For years, the Pentagon has been saying that climate change is perhaps the biggest threat to American security of all. Back in 2004, a report commissioned by Pentagon defense adviser Andrew Marshall, the man behind the restructuring of the US military under Donald Rumsfeld, predicted that “abrupt climate change could bring the planet to the edge of anarchy as countries develop a nuclear threat to defend and secure dwindling food, water and energy supplies.” The report went on to declare that the threat to global stability posed by climate change was indeed greater than that of terrorism.
Ironically, while climate change denial seems to be a communal oath among right wing politicians, folks in the military that they so staunchly support are busy preparing for it, both strategically and tactically. Retired Rear Admiral Dennis McGinn has called climate change a threat multiplier.
Most of the coverage of the subject has focused on natural forces, not military ones as a threat to our continued existence. Should we be concerned about this? Will the Pentagon’s prediction come true?
According to Christian Parenti, the author of the newly released book Tropic of Chaos, it already has. Parenti says that climate change is causing violence around the world right now, particularly in the global South. The book “looks at the intersection of the legacy of cold war militarism, free market economic restructuring and the onset of anthropogenic climate change” and traces how these factors, with particular emphasis on the latter as a kind of socio-economic last straw, create the conditions for increased civil war, religious war, banditry and increased violence. He suggests the best way to deal with this violence is to mitigate the exacerbating condition.
The book opens with the death of a Kenyan tribesman named Ekaru Loruman who is killed in a cattle raid in the midst of a severe drought. Cattle raids are not unusual among the Turkana people, in fact they have been going on for generations. But Parenti sees deeper forces at work.
…perhaps Ekaru was killed by forces yet larger, forces transcending the specifics of this regional drought, this raid, this geography, and the Nilotic cattle cultures. To my mind, while walking through the desert among the Turkana warriors scanning the Karasuk hills for the Pokot war party, it seemed clear that Ekaru’s death was caused by the most colossal set of events in human history: the catastrophic convergence of poverty, violence, and climate change. This book is an attempt to understand the death of Ekaru Loruman, and so many others like him, through the lens of this catastrophic convergence.
This line of reasoning reminds me of the correlation between the increase in severe storm activity and warmer ocean temperatures. While it is impossible to blame any given storm on the changing climate and the anthropogenic activity responsible for it, the trend is clear: deadly storms are on the increase, as are floods and droughts and other extreme weather events.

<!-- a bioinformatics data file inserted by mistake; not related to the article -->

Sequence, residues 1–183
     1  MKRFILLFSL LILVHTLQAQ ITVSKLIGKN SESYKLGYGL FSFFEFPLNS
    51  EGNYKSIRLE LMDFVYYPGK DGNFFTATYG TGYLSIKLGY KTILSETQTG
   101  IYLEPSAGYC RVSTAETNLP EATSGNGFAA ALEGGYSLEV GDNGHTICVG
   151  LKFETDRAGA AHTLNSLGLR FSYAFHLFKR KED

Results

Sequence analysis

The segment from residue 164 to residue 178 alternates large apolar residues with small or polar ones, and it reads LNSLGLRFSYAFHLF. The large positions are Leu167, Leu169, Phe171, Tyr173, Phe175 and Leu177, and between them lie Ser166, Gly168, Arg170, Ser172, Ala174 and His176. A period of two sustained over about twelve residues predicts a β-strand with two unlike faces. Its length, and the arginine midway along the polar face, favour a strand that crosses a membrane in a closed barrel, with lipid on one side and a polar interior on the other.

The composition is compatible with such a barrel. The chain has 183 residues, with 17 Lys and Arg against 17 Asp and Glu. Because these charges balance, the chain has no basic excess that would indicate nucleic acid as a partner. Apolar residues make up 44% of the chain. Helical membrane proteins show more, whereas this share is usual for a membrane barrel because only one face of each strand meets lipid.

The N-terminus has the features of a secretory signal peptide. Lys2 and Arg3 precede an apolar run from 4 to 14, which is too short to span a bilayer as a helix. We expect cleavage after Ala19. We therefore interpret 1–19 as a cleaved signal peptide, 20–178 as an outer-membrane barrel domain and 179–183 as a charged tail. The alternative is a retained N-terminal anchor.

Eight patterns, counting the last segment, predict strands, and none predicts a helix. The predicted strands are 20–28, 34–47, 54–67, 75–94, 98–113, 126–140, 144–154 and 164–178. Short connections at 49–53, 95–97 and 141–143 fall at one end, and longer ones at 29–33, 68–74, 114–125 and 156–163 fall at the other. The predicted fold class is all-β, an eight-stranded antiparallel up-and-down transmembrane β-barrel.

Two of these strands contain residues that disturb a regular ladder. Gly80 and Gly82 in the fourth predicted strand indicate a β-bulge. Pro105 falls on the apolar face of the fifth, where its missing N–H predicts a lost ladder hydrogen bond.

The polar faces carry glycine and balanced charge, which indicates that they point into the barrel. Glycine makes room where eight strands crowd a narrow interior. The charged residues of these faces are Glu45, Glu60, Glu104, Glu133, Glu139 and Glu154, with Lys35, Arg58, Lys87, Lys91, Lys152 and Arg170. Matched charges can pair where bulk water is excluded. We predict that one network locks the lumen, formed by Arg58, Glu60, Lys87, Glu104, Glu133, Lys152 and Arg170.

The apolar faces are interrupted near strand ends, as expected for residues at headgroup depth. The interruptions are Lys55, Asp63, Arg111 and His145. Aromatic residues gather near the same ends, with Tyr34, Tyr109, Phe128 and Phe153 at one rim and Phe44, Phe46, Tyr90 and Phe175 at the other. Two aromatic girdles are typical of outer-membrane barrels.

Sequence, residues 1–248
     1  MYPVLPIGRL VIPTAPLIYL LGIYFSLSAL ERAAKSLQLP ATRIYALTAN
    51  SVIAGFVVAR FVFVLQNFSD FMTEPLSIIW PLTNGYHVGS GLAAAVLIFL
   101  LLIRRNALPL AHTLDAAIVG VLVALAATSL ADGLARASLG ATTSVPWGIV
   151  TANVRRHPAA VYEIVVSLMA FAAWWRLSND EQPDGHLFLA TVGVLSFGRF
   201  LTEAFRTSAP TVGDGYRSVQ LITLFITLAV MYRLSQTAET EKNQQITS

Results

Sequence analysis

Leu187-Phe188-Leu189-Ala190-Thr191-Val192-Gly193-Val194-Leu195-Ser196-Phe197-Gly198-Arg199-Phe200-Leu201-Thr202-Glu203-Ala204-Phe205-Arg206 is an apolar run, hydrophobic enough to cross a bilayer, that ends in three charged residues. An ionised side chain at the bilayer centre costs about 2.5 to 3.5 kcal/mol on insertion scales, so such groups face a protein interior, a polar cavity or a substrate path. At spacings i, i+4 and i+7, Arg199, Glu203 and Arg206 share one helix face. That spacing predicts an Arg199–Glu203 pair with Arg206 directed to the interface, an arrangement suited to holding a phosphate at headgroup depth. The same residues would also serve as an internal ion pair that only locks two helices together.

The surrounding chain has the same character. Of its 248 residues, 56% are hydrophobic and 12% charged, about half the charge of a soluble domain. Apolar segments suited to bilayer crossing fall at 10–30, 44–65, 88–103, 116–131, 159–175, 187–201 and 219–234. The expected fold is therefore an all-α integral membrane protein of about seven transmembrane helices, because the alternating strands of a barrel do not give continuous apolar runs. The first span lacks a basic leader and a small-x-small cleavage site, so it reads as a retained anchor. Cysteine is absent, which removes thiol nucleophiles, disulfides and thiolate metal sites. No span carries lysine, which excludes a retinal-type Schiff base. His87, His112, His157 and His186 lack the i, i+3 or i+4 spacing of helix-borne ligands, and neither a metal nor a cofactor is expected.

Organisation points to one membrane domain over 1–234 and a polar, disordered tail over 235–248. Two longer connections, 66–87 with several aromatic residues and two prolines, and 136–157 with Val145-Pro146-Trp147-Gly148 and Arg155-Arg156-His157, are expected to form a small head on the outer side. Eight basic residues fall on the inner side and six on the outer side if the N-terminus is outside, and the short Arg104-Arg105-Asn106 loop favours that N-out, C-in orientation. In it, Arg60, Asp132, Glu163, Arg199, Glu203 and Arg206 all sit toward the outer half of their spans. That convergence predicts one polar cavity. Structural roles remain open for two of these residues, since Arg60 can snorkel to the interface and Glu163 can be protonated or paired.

Likewise, it might be difficult to pin the blame for the death of Ekaru Loruman specifically on climate change, though this doesn’t stop Parenti from suggesting it. It was clearly a significant contributing factor, as it was in countless other examples, which can be tallied, in a statistical sense, to support Parenti’s assertion.
Drought, floods, food shortages, refugees have all put enormous stress on situations that in many cases were already stressed with the result that the breaking point has or will soon be reached.
Parenti writes in TomDispatch, “Get used to it. Food, weather, upheaval, and war. Those are likely to be in the headlines not only for decades to come, but tied together in all sorts of complicated and unsettling ways. Extreme weather and increasingly severe droughts, whether in Texas, China, or Somalia; crops burned to a frizzle or obliterated in some other fashion; starving people desperately on the move; incipient resource wars; and a world in which the basics of everyday life are increasingly beyond the buying power of tens of millions, if not billions of the poor — that’s a recipe for our future. Unfortunately, it’s also increasingly the present, as grain crops fail in various global breadbaskets and food prices soar.”
The book goes on to discuss the militaristic response that many major powers including our own have taken, such as securing their borders or counter-insurgency operations, which he argues are doomed to fail. Instead, says Parenti, we should focus our efforts on learning to live within the limits of the planet. Sounds like something I might have said myself a time or two.
[Image Credit: Children and Armed Conflict: Flickr Creative Commons]
RP Siegel is the co-author of the eco-thriller Vapor Trails, the first in a series covering the human side of various sustainability issues including energy, food, and water. Like airplanes, we all leave behind a vapor trail. And though we can easily see others’, we rarely see our own.
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